Article

# Diffusion-controlled first contact of the ends of a polymer: crossover between two scaling regimes.

Department of Physics, University of Waterloo, Waterloo, Ontario, Canada N2L 3G1.

Physical Review E (Impact Factor: 2.31). 10/2005; 72(3 Pt 1):031804. DOI:10.1103/PhysRevE.72.031804 Source: PubMed

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**ABSTRACT:**Chemical reactions inside cells are typically subject to the effects both of the cell's confining surfaces and of the viscoelastic behavior of its contents. In this paper, we show how the outcome of one particular reaction of relevance to cellular biochemistry--the diffusion-limited cyclization of long chain polymers--is influenced by such confinement and crowding effects. More specifically, starting from the Rouse model of polymer dynamics, and invoking the Wilemski-Fixman approximation, we determine the scaling relationship between the mean closure time t(c) of a flexible chain (no excluded volume or hydrodynamic interactions) and the length N of its contour under the following separate conditions: (a) confinement of the chain to a sphere of radius d and (b) modulation of its dynamics by colored Gaussian noise. Among other results, we find that in case (a) when d is much smaller than the size of the chain, t(c) ~ Nd(2), and that in case (b), t(c) ~ N(2/(2-2H)), H being a number between 1/2 and 1 that characterizes the decay of the noise correlations. H is not known a priori, but values of about 0.7 have been used in the successful characterization of protein conformational dynamics. At this value of H (selected for purposes of illustration), t(c) ~ N(3.4), the high scaling exponent reflecting the slow relaxation of the chain in a viscoelastic medium.The Journal of Chemical Physics 06/2012; 136(23):234903. · 3.16 Impact Factor -
##### Article: Sequence and Temperature Dependence of the End-to-End Collision Dynamics of Single-Stranded DNA.

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**ABSTRACT:**Intramolecular collision dynamics play an essential role in biomolecular folding and function and, increasingly, in the performance of biomimetic technologies. To date, however, the quantitative studies of dynamics of single-stranded nucleic acids have been limited. Thus motivated, here we investigate the sequence composition, chain-length, viscosity, and temperature dependencies of the end-to-end collision dynamics of single-stranded DNAs. We find that both the absolute collision rate and the temperature dependencies of these dynamics are base-composition dependent, suggesting that base stacking interactions are a significant contributor. For example, whereas the end-to-end collision dynamics of poly-thymine exhibit simple, linear Arrhenius behavior, the behavior of longer poly-adenine constructs is more complicated. Specifically, 20- and 25-adenine constructs exhibit biphasic temperature dependencies, with their temperature dependences becoming effectively indistinguishable from that of poly-thymine above 335 K for 20-adenines and 328 K for 25-adenines. The differing Arrhenius behaviors of poly-thymine and poly-adenine and the chain-length dependence of the temperature at which poly-adenine crosses over to behave like poly-thymine can be explained by a barrier friction mechanism in which, at low temperatures, the energy barrier for the local rearrangement of poly-adenine becomes the dominant contributor to its end-to-end collision dynamics.Biophysical Journal 06/2013; 104(11):2485-92. · 3.67 Impact Factor - [show abstract] [hide abstract]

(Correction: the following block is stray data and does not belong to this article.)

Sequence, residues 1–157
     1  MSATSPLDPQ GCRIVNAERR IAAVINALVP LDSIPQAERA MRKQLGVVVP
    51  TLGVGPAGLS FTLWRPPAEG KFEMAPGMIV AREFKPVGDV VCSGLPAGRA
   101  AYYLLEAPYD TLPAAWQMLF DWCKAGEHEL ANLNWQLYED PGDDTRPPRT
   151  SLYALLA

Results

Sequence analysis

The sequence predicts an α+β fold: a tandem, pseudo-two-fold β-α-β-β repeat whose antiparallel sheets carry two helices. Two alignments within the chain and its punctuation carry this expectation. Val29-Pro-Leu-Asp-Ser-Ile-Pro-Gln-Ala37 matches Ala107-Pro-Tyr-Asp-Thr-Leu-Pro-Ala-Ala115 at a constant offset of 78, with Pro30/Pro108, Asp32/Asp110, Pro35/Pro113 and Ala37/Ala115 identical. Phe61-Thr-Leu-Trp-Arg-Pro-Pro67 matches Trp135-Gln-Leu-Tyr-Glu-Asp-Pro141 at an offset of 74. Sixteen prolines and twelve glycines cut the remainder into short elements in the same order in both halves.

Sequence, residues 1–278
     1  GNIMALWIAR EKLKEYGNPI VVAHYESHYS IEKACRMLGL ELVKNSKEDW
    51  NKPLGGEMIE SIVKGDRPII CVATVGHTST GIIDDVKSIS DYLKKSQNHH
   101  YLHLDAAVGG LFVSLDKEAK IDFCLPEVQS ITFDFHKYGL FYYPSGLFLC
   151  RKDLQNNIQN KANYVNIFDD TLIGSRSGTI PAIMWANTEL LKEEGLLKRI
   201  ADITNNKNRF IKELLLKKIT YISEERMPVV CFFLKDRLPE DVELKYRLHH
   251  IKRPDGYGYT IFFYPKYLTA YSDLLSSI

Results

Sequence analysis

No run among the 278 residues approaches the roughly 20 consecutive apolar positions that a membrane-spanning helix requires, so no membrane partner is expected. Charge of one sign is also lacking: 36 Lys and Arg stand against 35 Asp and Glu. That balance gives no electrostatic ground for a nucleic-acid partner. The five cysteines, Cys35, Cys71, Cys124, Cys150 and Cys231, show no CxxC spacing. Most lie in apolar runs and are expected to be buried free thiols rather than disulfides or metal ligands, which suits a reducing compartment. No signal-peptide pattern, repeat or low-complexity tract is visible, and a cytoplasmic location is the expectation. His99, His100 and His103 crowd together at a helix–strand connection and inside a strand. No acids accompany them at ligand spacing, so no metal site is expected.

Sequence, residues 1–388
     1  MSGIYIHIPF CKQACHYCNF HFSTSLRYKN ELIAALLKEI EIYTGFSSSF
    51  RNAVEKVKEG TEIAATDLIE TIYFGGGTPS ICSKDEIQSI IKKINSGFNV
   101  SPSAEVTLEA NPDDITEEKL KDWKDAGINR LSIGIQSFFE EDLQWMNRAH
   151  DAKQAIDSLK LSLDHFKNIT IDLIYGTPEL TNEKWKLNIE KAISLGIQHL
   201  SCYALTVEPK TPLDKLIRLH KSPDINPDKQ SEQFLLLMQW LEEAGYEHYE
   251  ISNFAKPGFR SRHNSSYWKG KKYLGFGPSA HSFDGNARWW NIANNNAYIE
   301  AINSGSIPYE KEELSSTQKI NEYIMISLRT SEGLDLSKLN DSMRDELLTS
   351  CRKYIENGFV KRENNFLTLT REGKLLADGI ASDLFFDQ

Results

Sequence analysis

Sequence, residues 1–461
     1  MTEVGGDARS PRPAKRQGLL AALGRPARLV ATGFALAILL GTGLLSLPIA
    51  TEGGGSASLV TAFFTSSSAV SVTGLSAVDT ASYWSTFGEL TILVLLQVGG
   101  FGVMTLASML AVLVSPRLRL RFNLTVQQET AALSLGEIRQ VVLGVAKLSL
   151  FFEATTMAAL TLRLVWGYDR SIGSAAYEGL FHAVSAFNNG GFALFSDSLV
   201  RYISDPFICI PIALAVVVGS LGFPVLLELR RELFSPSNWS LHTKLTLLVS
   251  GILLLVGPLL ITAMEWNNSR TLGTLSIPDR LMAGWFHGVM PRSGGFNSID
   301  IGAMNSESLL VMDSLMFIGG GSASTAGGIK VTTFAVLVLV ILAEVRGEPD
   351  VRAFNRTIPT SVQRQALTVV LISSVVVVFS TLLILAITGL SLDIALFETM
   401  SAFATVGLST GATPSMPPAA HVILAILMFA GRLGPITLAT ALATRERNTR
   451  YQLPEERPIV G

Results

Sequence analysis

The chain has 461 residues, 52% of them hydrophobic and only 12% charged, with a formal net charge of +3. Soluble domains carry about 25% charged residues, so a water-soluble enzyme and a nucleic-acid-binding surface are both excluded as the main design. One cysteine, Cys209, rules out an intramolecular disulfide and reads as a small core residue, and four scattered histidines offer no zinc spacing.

**ABSTRACT:**A common theoretical approach to calculating reaction kinetics is to approximate a high-dimensional conformational search with a one-dimensional diffusion along an effective reaction coordinate. We employed Brownian dynamics simulations to test the validity of this approximation for loop formation kinetics in the worm-like chain polymer model. This model is often used to describe polymers that exhibit backbone stiffness beyond the monomer length scale. We find that one-dimensional diffusion models overestimate the looping time and do not predict the quantitatively correct dependence of looping time on chain length or capture radius. Our findings highlight the difficulty of describing high-dimensional polymers with simple kinetic theories.The Journal of Chemical Physics 05/2013; 138(17):174908. · 3.16 Impact Factor

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